Any information would be much appreciated, or if you can’t help do you know anybody that could aid me in my research. Thank you.

    Reply

    • YES!

      I was on the bus reading my Kindle this very day and suddenly we found ourselves in a really long tunnel where I was no longer able to see the screen. Fortunately, i had my iPod Touch with me so I whipped it out (and then got out my iPod Touch) and held it over the kindle.

      It provided enough light, but it was awkward to hold both and continue reading so I turned to Erin and I said:

      “You know what would be awesome? Some sort of clip that could attach to the top of the Kindle and hold my iPod Touch/iPhone so that it lit up the screen without me having to hold it.”

      This, my friend, is fate. I have the problem on the same day you ask about products to help digital nomads. Get it made! It’ll make you rich, guaranteed*!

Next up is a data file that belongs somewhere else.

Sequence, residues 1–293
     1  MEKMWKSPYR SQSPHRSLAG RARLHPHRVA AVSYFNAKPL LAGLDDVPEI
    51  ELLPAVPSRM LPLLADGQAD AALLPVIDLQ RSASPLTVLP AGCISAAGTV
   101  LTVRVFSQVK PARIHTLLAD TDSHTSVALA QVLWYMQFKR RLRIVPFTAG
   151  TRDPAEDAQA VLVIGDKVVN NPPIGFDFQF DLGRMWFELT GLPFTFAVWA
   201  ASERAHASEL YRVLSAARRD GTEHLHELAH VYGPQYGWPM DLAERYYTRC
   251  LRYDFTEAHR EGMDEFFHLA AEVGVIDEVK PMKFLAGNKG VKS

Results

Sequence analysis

If it does, this idea is ©Simon Fairbairn 2010. I’ll license the rights to you to get it done, but I want my percentage (say, 15%) when it goes global. This is going to be huge, stranger who I’ve never met before!

      *It may or may not make you rich. It should get you at least a 2:1, though.

      Reply

      • Simon,

        Thanks for that, I will have a look into that idea further.I am going to post around different sites/blogs to see what responses I can get to possibly turn into a design.

        When you next come across a problem please let me know and I will see what I can do.

        All the best

        Reply

  7. Hola amigos saludos y éxitos en 2011, muchas felicidades y que se encuentren bien muy lindas sus fotos y comentarios de sus aventuras por Américam, un abrazo y los esperamos por Hotel Rural San Ignacio Country misiones Paraguay con afecto Gustavo Jhave,

    Reply